The Soviet dictator, who took a close interest in literature, appears to have disliked Grossman. Ilya Ehrenburg thought that he suspected Grossman of admiring Lenin’s internationalism too much (a fault close to the crime of Trotskyism). But it is far more likely that the Soviet leader’s resentment was based on the fact that Grossman never bowed to the personality cult of the tyrant. Stalin was conspicuously absent from Grossman’s journalism, and his sole appearance in Grossman’s fiction, written after the tyrant’s death, consists of a late-night telephone call to Viktor Shtrum in
Life and Fate
. This constitutes one of the most sinister and memorable passages in any novel. It is a scene which may well have been inspired by a similar night-time call from the master of the Kremlin to Ehrenburg, in April 1941.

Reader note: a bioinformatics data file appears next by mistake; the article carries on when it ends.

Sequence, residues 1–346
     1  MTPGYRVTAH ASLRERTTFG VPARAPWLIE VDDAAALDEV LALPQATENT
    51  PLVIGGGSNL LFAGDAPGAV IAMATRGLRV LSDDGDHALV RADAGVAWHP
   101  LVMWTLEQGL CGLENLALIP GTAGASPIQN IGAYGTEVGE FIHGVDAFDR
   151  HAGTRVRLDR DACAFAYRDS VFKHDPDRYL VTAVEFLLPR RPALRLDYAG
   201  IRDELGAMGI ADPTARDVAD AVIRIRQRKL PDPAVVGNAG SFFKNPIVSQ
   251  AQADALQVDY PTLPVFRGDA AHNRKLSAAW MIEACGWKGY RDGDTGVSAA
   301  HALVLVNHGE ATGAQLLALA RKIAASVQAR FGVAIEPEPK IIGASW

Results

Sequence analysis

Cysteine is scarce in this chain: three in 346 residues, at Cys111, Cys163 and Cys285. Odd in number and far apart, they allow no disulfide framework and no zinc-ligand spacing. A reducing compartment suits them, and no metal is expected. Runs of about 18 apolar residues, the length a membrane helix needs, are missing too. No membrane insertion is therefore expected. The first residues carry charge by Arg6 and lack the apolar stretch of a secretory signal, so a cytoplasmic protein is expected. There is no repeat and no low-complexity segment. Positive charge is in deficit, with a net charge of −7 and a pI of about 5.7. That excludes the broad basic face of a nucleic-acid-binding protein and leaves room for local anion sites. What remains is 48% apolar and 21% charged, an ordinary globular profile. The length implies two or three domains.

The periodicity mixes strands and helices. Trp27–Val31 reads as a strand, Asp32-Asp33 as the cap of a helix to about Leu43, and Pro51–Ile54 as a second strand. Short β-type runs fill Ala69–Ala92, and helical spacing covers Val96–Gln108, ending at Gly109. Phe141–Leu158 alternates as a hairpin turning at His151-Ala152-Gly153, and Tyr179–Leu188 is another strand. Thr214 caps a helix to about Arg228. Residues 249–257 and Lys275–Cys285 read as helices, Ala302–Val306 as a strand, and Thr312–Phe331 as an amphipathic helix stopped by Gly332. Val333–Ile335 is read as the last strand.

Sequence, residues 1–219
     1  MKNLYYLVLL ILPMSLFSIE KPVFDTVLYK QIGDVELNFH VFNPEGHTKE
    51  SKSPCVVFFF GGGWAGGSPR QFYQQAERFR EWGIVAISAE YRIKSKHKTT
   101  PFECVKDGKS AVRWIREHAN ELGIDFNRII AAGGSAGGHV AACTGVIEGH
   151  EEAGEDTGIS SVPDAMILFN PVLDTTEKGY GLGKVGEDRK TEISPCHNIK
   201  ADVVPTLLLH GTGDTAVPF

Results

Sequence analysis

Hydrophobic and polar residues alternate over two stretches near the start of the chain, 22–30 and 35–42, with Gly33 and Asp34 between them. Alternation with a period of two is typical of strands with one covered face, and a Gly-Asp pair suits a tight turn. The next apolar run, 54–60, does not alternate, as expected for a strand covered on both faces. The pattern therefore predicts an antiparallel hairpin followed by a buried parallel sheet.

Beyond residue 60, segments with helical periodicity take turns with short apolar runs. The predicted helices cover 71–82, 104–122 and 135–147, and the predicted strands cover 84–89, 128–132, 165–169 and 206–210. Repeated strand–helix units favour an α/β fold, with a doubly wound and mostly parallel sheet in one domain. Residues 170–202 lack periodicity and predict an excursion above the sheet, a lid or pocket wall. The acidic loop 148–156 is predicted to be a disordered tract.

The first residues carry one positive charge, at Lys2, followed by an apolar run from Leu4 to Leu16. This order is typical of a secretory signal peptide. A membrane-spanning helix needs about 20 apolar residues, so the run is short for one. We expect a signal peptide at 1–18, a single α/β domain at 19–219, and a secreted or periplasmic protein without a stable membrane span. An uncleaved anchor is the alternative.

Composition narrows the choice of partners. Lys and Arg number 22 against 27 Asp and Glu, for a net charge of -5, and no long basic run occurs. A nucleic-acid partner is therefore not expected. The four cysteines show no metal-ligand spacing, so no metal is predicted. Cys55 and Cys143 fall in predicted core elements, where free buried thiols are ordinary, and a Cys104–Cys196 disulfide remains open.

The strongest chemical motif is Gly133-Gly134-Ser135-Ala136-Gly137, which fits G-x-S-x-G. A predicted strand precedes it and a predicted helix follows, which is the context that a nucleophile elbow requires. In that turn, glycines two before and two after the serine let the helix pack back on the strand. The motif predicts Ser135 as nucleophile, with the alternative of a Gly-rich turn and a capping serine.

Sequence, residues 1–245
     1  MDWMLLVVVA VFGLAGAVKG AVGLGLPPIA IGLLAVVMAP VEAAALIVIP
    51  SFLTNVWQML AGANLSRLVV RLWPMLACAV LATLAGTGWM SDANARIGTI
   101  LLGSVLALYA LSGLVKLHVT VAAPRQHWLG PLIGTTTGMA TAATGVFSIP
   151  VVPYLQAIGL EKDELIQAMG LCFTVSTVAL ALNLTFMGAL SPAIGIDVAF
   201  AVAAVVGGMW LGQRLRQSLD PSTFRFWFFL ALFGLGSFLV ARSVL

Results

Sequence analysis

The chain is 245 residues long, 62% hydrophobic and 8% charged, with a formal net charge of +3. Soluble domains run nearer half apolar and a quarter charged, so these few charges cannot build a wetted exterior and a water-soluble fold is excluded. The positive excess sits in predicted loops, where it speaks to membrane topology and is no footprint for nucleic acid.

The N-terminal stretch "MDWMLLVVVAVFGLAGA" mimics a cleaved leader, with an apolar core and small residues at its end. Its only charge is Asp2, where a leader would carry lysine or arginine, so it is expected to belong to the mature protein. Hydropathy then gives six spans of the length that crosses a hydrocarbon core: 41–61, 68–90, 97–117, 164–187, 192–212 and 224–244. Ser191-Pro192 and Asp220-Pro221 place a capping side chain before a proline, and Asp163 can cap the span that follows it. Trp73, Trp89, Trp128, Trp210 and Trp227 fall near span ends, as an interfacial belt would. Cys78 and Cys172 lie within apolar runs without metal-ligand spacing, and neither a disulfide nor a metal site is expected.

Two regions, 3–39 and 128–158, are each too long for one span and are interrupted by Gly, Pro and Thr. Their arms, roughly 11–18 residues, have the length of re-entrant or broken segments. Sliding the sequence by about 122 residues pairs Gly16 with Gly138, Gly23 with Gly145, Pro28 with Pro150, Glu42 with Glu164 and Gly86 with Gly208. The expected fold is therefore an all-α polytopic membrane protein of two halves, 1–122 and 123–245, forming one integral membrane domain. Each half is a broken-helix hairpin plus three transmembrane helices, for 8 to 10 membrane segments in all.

In January 1943, Grossman was ordered to leave Stalingrad. Ortenberg had called on Konstantin Simonov to cover the dramatic end of the battle in his place. The young, good-looking Simonov, was a great hero in the
eyes of the Red Army and almost worshipped as the author of the poem ‘Wait for Me’.
This poem had been written in 1941, just after the outbreak of war, when he had to leave his great love, the actress Valentina Serova. The song and poem became sacred to many soldiers of the Red Army, with its central idea that only the love of a faithful fiancée or wife could keep a soldier alive. Many of them kept a hand-written copy of it folded in their breast-pocket like a talisman.